Identify and retain talent
A high-quality nurse onboarding experience determines a nurse’s employment experience far beyond the first few months. Emerging RN Leader cited a study that found that a new hire’s first 90 days can influence the rest of their time within that organization. It also found that a structured onboarding process increases the likelihood of that individual remaining with the organization for three years by 58%.
During the hiring and onboarding processes, organizations should conduct assessments to identify nurses who have the aptitude and characteristics to lead. Provide education and incentives to keep future leaders on track for reaching their potential. Doing so will pay off in the long-term in both employee satisfaction and value to your organization.
Perform regular assessments
There is no set timeline for when a nurse will show leadership potential and then become an experienced, highly competent nurse. Many factors can influence a nurse’s development. Growth could be internally motivated — such as when a proactive nurse seeks out additional experience and education. Or it could be externally motivated — such as when staff attrition or a crisis accelerates a nurse’s level of responsibility. The latter is sometimes called adaptive leadership.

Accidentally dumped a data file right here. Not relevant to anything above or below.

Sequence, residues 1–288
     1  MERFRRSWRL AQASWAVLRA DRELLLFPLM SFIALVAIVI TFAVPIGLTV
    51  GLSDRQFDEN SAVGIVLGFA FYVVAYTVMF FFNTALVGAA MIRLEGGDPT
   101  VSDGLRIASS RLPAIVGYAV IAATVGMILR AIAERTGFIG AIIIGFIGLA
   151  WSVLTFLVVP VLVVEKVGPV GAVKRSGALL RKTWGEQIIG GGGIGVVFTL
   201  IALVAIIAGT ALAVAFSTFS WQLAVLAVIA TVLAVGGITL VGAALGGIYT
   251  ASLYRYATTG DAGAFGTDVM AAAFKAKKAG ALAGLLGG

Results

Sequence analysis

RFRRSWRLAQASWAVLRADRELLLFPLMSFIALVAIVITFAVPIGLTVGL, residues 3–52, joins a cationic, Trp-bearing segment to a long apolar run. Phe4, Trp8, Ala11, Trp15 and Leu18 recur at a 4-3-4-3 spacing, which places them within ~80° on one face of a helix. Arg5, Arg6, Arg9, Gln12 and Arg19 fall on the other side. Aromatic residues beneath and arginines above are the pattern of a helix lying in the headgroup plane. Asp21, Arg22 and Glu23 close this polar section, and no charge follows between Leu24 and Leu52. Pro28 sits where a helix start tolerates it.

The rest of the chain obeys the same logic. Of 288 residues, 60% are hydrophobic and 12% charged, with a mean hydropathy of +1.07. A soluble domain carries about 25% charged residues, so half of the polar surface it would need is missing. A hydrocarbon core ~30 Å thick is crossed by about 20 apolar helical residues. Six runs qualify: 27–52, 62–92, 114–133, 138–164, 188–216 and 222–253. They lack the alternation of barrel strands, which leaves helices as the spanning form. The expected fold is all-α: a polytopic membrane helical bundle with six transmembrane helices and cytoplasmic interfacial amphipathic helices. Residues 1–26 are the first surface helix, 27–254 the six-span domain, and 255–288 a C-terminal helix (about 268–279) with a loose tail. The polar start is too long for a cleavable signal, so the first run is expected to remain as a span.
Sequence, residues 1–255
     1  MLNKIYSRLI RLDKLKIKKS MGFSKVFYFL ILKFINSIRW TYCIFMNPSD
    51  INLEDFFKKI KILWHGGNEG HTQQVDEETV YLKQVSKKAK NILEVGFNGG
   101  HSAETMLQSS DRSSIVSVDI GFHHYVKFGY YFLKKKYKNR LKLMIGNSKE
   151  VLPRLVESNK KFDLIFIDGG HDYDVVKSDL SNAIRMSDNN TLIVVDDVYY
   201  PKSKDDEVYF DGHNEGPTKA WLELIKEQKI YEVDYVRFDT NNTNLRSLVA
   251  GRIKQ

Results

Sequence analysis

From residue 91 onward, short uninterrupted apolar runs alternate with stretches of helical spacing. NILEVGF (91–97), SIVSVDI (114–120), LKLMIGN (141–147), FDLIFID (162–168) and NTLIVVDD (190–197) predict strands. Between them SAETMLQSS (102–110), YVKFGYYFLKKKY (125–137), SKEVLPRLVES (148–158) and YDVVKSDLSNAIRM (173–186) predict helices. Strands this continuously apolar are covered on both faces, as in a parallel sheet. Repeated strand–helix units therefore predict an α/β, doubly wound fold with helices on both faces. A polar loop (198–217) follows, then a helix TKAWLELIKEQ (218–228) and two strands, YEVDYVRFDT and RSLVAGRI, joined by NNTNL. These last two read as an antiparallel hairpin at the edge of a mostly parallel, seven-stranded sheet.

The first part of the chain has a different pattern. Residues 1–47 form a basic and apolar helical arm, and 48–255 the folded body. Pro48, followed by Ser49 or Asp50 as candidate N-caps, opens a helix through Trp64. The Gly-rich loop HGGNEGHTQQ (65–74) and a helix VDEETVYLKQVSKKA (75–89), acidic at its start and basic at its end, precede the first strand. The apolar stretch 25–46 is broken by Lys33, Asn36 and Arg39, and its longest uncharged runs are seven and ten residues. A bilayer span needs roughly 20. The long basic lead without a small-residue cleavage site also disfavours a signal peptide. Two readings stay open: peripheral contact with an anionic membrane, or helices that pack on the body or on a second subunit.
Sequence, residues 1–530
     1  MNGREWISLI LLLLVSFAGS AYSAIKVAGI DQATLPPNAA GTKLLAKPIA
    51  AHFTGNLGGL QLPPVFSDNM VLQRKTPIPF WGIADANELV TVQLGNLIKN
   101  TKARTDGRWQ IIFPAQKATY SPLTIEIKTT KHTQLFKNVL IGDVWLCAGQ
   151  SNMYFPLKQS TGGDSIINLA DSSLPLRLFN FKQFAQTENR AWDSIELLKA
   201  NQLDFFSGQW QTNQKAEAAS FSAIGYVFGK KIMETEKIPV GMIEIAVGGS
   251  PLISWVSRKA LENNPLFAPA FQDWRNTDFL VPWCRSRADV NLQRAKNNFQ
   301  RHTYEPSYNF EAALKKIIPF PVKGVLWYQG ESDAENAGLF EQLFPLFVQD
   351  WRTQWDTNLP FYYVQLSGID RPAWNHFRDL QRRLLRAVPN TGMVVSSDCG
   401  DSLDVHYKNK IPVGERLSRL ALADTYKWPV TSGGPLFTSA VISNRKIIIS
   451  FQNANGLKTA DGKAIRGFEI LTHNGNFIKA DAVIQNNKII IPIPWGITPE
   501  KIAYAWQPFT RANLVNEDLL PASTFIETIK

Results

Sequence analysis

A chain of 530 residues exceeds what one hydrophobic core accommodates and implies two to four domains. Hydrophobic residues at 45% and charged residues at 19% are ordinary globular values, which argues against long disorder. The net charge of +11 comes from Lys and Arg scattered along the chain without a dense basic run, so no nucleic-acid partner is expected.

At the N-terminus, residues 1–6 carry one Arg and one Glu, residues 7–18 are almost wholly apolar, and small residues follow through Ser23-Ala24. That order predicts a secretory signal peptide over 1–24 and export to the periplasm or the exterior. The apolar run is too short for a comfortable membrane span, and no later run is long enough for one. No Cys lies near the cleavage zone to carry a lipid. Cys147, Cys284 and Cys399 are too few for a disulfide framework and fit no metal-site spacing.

Measuring the current competencies of all your nursing staff regularly is necessary to accurately assess your resources. A cohort of nurses who onboarded two years ago, for example, could have advanced at different speeds, with some beginning to take on leadership responsibilities and progressing toward acquiring the competencies needed to advance.
Encourage leadership skills
Just as a gardener wouldn’t sow seeds and then neglect them, it’s necessary for healthcare organizations to cultivate their nurses. After bringing in new nurses with a high-quality hiring and onboarding process, regular assessments can show how they’re doing and help you provide the right resources to develop them into leaders.
Nurses’ first priorities may be to complete their continuing education and certification requirements, but also important are career and professional development opportunities to hone their leadership skills. For nurses who do not yet have them, that may mean a BSN degree program and/or RN certification. For others, it may mean leadership training opportunities on the job, such as shadowing a nurse leader or participating in a seminar or conference.
Facilitate mentoring opportunities